Nikam produces CD of Kasab assaulting guards
Mumbai: The prosecution on Tuesday produced before the Bombay High Court a CCTV footage of Pakistani terrorist Ajmal Kasab assaulting the prison staff to oppose his plea for a closed-door interview with his lawyers.
The terror convict, known to throw tantrums in jail and the courtroom during his high-profile trial in the 26/11 Mumbai attacks, assaulted the jail staff on September 1 and
the scene was claimed to have been captured by the CCTV cameras installed in his cell.
The CD was submitted by by government counsel Ujjwal Nikam. The High Court benches headed by Justice Ranjana Desai hearing confirmation of death sentence to Kasab pass an order tomorrow on whether Kasab`s plea for interview with his counsels within the sight of the security staff but not within earshot could be granted.
"The incident occurred on September 1 when Kasab was performing some illegal act and jail staff had to intervene. He (Kasab) assaulted the prison official which is clearly shown
in the CD," Nikam told the court without elaborating on what prompted intervention by the jail authorities.
"Kasab is a trained commando and with swift movements and he can pose a great danger to his own life as well as to the guards," Nikam said and submitted an affidavit filed by
the jailor opposing the Pakistani`s request for an interview with his lawyers which should not be within hearing distance of jail staff.
Submitting that the communication between a lawyer and his client was "privileged", Kasab`s advocate Amin Solkar said since the Pakistani was uncomfortable answering questions in the presence of jail staff or police, his counsels be allowed to interact with him in complete privacy.
Nikam, however, argued that the question of exchange of instructions with the prisoner at this stage did not arise as the evidence had already concluded. "As such there cannot be any privileged communication between the lawyer and the client." Nikam informed the High Court that after the September 1 incident, the authorities were closely monitoring
Kasab`s movements round-the-clock through CCTV and an officer was present within a distance of four feet all the time.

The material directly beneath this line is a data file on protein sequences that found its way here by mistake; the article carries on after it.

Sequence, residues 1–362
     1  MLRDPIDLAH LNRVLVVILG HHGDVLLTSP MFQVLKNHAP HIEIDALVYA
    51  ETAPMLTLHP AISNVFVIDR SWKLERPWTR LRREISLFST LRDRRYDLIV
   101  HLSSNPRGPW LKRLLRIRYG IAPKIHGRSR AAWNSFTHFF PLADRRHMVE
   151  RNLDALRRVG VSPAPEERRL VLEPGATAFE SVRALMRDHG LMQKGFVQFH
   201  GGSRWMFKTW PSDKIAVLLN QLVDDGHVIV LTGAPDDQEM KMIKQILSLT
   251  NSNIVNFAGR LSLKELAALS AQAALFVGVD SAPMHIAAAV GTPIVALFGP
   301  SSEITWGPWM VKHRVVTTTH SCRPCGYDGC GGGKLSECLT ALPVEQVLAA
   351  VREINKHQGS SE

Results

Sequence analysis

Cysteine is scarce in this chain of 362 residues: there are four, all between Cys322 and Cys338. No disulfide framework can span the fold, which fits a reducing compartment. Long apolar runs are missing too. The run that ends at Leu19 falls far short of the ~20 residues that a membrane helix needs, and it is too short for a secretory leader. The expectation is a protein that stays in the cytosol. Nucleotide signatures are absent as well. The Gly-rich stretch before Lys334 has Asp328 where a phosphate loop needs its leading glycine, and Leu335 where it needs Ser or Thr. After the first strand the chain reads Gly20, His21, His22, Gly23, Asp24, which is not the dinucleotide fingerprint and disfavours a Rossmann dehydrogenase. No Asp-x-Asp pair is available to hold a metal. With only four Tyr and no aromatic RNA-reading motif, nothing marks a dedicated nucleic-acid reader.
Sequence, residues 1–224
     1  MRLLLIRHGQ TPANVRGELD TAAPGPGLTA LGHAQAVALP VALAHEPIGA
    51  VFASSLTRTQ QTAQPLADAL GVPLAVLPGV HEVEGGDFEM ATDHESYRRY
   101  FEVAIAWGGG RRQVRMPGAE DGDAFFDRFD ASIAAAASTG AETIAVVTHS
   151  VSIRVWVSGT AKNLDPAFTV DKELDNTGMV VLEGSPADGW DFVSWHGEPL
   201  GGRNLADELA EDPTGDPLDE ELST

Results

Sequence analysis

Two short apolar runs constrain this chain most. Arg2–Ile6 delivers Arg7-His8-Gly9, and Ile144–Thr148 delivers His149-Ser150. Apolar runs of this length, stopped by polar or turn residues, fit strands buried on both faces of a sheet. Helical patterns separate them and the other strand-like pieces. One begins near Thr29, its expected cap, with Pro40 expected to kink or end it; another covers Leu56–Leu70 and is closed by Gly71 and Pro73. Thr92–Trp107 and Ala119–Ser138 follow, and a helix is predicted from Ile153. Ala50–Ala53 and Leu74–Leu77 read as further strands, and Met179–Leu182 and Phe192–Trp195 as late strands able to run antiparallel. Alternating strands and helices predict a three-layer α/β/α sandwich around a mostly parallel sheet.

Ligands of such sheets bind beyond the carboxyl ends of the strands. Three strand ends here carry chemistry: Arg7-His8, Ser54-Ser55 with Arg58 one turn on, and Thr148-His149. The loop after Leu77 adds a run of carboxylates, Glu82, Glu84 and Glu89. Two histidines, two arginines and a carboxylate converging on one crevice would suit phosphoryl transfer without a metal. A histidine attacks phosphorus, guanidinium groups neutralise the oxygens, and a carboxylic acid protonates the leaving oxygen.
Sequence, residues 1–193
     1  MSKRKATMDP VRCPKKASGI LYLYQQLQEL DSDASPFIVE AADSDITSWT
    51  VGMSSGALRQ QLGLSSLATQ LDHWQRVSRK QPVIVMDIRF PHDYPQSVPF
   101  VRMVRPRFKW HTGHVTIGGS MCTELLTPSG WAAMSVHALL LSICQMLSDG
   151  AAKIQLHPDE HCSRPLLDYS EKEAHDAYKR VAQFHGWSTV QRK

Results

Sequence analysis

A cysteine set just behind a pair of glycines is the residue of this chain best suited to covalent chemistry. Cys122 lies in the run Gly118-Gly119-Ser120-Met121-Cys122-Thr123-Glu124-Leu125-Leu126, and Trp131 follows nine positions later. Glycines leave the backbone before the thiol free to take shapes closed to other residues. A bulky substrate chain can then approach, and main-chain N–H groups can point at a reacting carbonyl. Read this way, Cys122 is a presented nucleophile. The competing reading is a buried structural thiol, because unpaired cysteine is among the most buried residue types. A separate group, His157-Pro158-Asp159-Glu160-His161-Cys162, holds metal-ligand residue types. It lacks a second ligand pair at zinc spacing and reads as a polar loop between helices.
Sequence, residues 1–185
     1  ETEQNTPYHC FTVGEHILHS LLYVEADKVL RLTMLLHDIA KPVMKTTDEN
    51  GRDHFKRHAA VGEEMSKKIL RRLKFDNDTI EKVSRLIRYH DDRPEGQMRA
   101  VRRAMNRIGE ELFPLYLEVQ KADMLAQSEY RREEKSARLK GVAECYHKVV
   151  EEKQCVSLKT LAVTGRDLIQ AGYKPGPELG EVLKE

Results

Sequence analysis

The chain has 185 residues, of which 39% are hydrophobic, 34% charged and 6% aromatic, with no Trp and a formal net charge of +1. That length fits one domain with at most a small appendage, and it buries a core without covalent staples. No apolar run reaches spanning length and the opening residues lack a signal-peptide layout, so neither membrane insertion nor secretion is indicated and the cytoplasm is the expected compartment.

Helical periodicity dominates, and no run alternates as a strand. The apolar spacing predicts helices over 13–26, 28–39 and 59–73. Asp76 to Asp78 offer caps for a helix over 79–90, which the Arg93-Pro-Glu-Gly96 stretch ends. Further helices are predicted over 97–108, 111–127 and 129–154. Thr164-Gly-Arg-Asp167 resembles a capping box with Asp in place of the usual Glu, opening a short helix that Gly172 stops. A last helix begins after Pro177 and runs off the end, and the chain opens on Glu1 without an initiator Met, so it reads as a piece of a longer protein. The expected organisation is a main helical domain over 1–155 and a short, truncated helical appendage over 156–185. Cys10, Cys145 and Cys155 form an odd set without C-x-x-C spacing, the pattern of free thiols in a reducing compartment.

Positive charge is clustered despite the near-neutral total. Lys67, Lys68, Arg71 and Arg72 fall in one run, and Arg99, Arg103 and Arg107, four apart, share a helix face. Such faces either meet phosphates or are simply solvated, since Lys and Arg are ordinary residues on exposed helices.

Jailor Rajendra Dhamane, in an affidavit, said Kasab was a trained commando and made very swift movements in the cell. "The presence of jail officers near him during interview with lawyers is essential to control his aggressive movements," he said.
Dhamane cited rule 11 of Maharashtra Prisons Rules, 1962, which says every interview with a convicted prisoner shall take place in the presence and hearing of a jail staff. The rule also states that during such an interview, a prisoner under sentence of death and his friends or legal advisors shall not be allowed to approach each other. While handing down death penalty to Kasab on May 6 this year, the trial court had said that keeping him alive will be a "lingering danger".
"Keeping Kasab alive would be a lingering danger to the society and the Indian government," Special Judge M L Tahaliyani had observed and said "The possibility of Kasab reforming is completely ruled out."
The Bombay High Court would hear the confirmation of death sentence to Kasab from October 18 through video conference after the prosecution apprehended that his physical
presence in court could pose a serious security threat.
The Pakistani terrorist, the only one to be caught alive among the 10 perpetrators of the 26/11 attacks that left 166 dead, is lodged in a bomb and bullet-proof cell in the Arthur Road Jail heavily guarded by Indo-Tibet Border Police.
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